As a teenager, Tondalao Hall survived a violent relationship - one that ended only after she was arrested and imprisoned for not reporting her boyfriend's abuse of their children. Now, after 15 years behind bars, she is free.

Hall's sentence, issued under Oklahoma's controversial "failure to protect" laws, was far harsher than the one given to her boyfriend, Robert Braxton Jr, who abused Hall and her children. He served two years in jail. The disparity has been seen as an example of the criminal justice system's bungling of intimate partner violence cases.

Hall's story has also highlighted the state's nation-leading incarceration numbers - particularly for women, who are imprisoned there at a rate twice the national average.

"It's a perfect example of the misunderstanding of domestic violence within Oklahoma's criminal justice system," said Megan Lambert, a staff attorney at the American Civil Liberties Union who represented Hall. "It shows how quick Oklahoma is to incarcerate rather than to understand and support and heal."

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But on Friday, a week after Oklahoma issued the largest single-day commutation in US history, Hall was allowed to go home, too.

"My heart was full," said Wazell Hall, Tondalao's 74-year-old father who spoke to reporters shortly after his daughter was released. "Couldn't speak, cried tears of joy. I feel great, God has blessed me. One thing I asked him to do is to let me see her out of prison before I leave this world, and that we might have joy and peace and comfort."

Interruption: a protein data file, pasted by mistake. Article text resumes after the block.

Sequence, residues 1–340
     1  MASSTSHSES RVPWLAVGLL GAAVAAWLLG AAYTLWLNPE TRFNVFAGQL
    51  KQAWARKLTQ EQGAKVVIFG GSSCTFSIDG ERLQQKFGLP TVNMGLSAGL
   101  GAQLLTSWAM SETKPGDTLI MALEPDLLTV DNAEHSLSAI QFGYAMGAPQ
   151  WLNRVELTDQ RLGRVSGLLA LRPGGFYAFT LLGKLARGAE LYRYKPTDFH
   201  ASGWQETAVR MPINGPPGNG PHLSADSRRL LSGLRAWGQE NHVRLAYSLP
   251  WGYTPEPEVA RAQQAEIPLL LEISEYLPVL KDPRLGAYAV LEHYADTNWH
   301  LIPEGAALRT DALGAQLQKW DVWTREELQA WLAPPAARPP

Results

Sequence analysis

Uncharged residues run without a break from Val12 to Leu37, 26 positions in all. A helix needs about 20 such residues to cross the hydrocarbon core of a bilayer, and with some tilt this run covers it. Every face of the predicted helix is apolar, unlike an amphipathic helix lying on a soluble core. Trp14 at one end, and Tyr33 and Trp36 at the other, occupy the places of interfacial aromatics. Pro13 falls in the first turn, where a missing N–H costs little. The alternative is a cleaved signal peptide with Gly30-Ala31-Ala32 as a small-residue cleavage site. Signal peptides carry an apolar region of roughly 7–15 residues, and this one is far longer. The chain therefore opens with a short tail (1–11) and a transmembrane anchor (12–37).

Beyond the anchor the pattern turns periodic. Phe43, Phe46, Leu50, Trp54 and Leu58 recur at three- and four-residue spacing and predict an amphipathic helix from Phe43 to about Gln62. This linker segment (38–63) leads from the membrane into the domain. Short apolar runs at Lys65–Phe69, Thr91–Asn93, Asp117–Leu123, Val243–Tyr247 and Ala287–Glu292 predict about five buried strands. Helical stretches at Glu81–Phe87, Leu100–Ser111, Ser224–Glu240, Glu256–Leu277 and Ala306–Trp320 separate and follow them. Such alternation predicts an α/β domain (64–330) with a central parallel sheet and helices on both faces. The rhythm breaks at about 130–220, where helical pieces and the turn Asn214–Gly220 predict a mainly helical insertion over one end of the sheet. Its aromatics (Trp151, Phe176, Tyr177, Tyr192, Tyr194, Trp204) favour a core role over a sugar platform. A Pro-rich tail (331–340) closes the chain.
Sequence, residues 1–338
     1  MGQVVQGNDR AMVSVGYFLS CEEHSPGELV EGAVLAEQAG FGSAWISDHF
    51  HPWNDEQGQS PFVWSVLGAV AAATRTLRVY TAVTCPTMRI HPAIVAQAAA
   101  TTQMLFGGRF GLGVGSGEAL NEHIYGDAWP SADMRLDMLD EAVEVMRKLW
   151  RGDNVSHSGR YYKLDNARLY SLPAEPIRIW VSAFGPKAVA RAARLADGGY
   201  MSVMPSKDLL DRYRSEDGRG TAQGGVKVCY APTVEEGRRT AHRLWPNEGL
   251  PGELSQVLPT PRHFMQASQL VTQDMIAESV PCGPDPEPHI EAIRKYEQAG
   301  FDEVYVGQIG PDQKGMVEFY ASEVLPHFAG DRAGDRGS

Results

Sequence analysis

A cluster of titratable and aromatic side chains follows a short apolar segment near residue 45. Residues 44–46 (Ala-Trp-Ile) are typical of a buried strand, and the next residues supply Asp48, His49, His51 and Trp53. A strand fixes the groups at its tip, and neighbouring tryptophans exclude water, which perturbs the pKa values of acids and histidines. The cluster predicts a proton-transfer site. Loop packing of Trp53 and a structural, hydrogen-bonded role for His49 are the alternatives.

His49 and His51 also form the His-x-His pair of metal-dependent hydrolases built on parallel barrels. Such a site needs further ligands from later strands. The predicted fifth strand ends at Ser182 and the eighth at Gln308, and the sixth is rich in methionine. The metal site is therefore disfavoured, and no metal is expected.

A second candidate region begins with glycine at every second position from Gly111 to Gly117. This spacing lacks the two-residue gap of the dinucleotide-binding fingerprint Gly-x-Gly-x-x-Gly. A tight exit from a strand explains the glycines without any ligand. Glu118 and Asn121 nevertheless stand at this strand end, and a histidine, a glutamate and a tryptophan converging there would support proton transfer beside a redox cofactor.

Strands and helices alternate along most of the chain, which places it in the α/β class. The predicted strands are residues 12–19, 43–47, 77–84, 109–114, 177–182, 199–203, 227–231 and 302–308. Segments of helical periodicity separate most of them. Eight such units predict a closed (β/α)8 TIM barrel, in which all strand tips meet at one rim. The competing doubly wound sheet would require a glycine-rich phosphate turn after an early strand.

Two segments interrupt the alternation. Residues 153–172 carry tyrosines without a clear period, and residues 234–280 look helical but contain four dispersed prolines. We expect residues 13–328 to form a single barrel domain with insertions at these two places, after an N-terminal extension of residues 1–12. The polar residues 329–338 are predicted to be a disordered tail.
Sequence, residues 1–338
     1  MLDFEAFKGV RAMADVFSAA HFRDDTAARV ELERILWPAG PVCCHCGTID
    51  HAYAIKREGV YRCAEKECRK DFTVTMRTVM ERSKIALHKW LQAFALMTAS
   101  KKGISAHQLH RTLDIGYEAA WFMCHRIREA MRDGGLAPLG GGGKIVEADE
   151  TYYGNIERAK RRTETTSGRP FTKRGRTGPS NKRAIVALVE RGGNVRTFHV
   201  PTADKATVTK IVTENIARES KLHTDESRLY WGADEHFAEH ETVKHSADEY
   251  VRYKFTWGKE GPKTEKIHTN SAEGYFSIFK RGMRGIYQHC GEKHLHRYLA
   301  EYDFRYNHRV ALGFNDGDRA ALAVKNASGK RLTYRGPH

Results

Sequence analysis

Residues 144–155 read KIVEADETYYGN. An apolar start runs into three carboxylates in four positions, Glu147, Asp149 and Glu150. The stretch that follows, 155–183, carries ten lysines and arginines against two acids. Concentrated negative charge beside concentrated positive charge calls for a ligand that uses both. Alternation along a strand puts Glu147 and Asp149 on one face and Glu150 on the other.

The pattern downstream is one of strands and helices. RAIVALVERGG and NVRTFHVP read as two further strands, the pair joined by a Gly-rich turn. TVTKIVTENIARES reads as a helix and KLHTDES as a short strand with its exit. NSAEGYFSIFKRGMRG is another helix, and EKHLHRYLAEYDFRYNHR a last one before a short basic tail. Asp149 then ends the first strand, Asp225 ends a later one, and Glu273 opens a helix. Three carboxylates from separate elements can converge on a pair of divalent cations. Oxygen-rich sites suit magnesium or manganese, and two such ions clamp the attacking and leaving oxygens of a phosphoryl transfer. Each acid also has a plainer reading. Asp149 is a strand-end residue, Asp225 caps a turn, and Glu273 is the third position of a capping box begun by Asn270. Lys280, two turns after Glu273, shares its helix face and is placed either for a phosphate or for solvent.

Her release came a month after Oklahoma's Pardon and Parole Board voted unanimously to recommend her 30-year sentence for commutation. The state's Republican Gov. Kevin Stitt granted the request on Thursday, ending a decade and a half of incarceration.

The case stems from a 2004 visit to the hospital. Hall was 20 years old at the time, and Braxton abused her regularly: choking her, punching her and berating her with verbal attacks, according to court testimony. She was suspicious that he was violent with her children - their two kids and her son from a previous relationship - but Braxton denied it.

She never witnessed the abuse, according to court records, but she took her 20-month-old son to the doctor when his leg swelled. He had a fractured femur and 12 fractured ribs; her newborn daughter also had a fractured femur, seven fractured ribs and a fractured toe.

Soon after, Hall and Braxton were arrested and charged. In 2006, Hall was sentenced to 30 years after pleading guilty to failing to protect the two children from abuse. Braxton pleaded guilty to the abuse itself and was released on probation after spending two years in jail while the case was adjudicated.

Lambert said there are dozens of women locked up under the failure to protect law who have stories "frighteningly similar" to Hall's - victims of abuse who are punished rather than helped.


This article was first published in the Washington Post.

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